Donuts: Top 12 Cases Of Mavs-OKC 'Idiocracy'

Embryonic pedigrees in OKC. A sense of history in Dallas. A red-hot-poker of a Mavs DB.com Podcast. And the Idiocracy descends on the Western Conference Finals. The Top 12 Cases of WCF Idiocracy in Saturday Morning Mavs Donuts ...



DONUT 1: OKC didn't do anything to deter Dirk.

The beauty of the internet age -- not to mention the cooperative nature of Mavs players and coaches -- is that information is available ... information that ought to educate people as to who Dirk is and what he does.

We can lead the uneducated horses to water, but ...

Oklahoma City played a vastly different defense against Dirk in Game 2 (when he scored 29) than it did in G1 (when he recorded his historic 48). More doubles. Lots of fronting (and not enough of Dirk asking for over-the-top lobs). Less reliance on hand-checking him on the perimeter.

"Yeah, they tried to keep the ball out of my hands a little more," says Nowitzki. "I thought Collison actually was trying to front me a little bit, and that's why in the fourth quarter I actually got a lot of my catches at the high post because it's impossible to front there."

Which brings us to the Mavs end of the problem (if you call 29 points a problem): Maybe Dallas should've adjusted to putting Dirk in the high post earlier. And maybe that lob would've curtailed the fronting. And one more thing: When Dallas ran a pick-and-roll, maybe this time Dirk needs to move to a spot with some determination.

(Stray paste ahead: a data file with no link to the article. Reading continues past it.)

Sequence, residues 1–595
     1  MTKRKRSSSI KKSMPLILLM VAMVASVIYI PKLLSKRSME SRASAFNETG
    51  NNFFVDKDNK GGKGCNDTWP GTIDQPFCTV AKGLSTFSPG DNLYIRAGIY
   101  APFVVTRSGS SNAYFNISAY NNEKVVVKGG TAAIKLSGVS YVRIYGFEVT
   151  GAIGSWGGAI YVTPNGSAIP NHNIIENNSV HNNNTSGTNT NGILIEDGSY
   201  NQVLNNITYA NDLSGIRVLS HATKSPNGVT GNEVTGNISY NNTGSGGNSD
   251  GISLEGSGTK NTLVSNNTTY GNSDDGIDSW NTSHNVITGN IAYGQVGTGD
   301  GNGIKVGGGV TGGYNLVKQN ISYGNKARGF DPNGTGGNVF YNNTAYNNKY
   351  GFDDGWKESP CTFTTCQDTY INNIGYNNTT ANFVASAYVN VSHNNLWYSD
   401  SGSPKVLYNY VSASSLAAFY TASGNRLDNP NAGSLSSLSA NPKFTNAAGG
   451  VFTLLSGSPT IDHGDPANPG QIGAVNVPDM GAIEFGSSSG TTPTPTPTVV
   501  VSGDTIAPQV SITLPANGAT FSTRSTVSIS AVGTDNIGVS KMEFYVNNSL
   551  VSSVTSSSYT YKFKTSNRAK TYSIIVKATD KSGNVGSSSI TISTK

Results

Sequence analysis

Throughout the third in G2, Dallas tried to pick-and-rolls. OKC clogged them up nicely with clutching and grabbing of Dirk. Nowitzki's response? He let himself get caught up in the mixmaster.

OKC's defense on Dirk WAS different. And Dirk's reaction to it was -- albeit with 29 points -- subpar.

Smile


DONUT 2: This Westbrook thing ain't no thing.

Maybe it's a sign of their embryonic pedigree, their blissful lack of experience on the Western Conference Finals stage, or the fact that most of them probably don't have journalism degrees. But the Oklahoma City Thunder seems sincere in its belief that the benching of All-NBA point guard Russell Westbrook is a non-story.


"It's nothing,'' says OKC coach Scott Brooks.

Listen, not even Nowitzki's 48 and 29 points in the two games takes precedence over the Westbrook story … so let's be clear: